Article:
• Sylvain Lupari

LOREAU/GERCHAMBEAU: Catvaratempo (2018)

“Difficult to tame, Catvaratempo remains nevertheless this kind of album which inspires the time, and which will continue to establish its mark a few decades later”

1 Eka 15:32 2 Dvi 15:01 3 Tri 15:38 4 Chatur 16:12 Spheric Music|SMCD6306

(CD 62:23) (V.F.) (Much Progressive Berlin School)

Nearly a year later, the eclectic French duo is back on the map with a very first album on the label Spheric Music, a label known to produce interesting albums related to the Berlin School style. Retro as Neo or as very progressive! Like this CATVARATEMPO for a collection of 4 tempos, which proposes 4 titles of a fortnight of minutes where the complexity in the movements of rhythm from Frédéric Gerchambeau welcomes the eternal romanticism of Bertrand Loreau. The result commands an open mind less demanding than in Vimanafesto but which is just as difficult to define.

The duel between the two French musicians begins in subtlety. The opening of Eka is carved in silk with this flute that expires a medieval melody. A wind rises and raises percussive particles that burst like big sound bud. The flute is changed into organ layers which spread its large wings in a rather heavenly harmonic vision, while the birth of the percussive effects is done in a din whose impact is diminished by the rise of a line of sequences rippling like a big snake which is fleeing the fires. The roles are swapping here! While the sequencer multiplies its harmonic loops, a beardless flute tries to establish a discordant presence. Thus, is born a musical din where a harmonious module always breaks out. When it's not the Mellotron and its flutist clothes, it's the sequencer who cuts out in thin pieces its rhythmic approach. And this rhythm, the melodies too, is twirling like a rag doll in a tornado. This is how Eka takes place! If sometimes we have the impression of reaching, both in rhythm and in seraphic melodies, the points of the peaks that our eyes examine on the cover, the descent is as brutal as enjoyable for the ears. Dvi does more in orchestral musicality with its sequences climbing glass stairs all surrounded by violin layers as tender as the first caresses of a mother. The movement of the sequencer, which is the entire backbone of the ambient rhythm of Dvi, makes me think a lot about Remy at the top of his meditative art. Bertrand Loreau is impeccable here with synth solos that are tinged by his nostalgic imprint. Great electronic art which flirts with the hypnotic movements of Exhibition of Dreams released in 2009. Or better, with the wandering rhythms of Klaus Schulze. The first 11 minutes of Dvi are splendid! Subsequently, the music and its ambiences escape into a passage which flirts slightly with a dissonance that is still imbued with this very romantic touch which animates the essences of Dvi.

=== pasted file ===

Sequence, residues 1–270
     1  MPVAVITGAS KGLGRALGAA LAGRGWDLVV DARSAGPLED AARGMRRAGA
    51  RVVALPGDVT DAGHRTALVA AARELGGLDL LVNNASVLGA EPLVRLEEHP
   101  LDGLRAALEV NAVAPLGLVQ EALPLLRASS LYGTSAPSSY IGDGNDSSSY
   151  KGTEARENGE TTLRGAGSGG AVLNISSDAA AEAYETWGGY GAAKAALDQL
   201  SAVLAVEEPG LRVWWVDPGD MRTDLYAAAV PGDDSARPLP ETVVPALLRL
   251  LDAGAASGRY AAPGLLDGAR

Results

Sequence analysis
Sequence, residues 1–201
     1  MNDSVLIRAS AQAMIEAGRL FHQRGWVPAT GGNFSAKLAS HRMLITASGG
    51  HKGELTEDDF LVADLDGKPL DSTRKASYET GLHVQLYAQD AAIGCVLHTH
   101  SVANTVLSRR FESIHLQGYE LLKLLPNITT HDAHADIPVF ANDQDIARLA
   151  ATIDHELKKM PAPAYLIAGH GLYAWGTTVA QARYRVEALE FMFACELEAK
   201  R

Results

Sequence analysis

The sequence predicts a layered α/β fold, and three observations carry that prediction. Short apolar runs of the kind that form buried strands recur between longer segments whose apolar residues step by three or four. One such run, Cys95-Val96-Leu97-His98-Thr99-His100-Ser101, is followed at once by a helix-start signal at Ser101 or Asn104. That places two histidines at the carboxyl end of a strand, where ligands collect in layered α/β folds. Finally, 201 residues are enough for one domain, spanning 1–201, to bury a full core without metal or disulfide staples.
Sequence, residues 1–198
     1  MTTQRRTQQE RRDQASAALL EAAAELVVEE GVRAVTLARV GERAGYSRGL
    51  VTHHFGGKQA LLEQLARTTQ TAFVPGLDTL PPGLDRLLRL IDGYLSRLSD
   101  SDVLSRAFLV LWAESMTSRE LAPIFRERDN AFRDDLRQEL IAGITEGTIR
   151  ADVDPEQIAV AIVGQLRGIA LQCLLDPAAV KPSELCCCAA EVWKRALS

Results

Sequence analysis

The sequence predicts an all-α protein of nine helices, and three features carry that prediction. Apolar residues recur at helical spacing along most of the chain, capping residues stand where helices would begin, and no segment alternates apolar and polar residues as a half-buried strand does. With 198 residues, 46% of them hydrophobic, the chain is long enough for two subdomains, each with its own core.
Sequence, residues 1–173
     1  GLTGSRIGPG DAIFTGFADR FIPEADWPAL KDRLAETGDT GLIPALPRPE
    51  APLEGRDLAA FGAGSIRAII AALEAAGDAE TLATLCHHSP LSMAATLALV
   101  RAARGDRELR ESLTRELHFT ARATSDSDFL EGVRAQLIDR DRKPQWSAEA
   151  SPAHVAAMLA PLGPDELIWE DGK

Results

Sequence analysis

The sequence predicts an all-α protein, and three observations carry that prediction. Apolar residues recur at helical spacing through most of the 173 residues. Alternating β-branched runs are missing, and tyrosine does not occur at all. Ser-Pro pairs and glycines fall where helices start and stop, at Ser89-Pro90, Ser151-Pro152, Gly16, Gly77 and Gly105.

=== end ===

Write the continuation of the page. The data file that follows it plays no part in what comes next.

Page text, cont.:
The introduction of Tri begins with a layer of dissonances where twisted sounds and waves of reverberation wear out their heaviness in a corridor engulfed by breezes whispering its white noises. Electronic beeps sneak into these clouds of disparate tones, sculpting a phantom melody which flickers with graceful resonant movements. The sequencer sculpts its crawling rhythm with warmer tones while Tri delivers its charms between our ears with layers that drift between the ice floes of electronic noises cleverly preserved by the very Berliner, and also more musical, movement of Frédéric Gerchambeau. When I told you that the two artists are exchan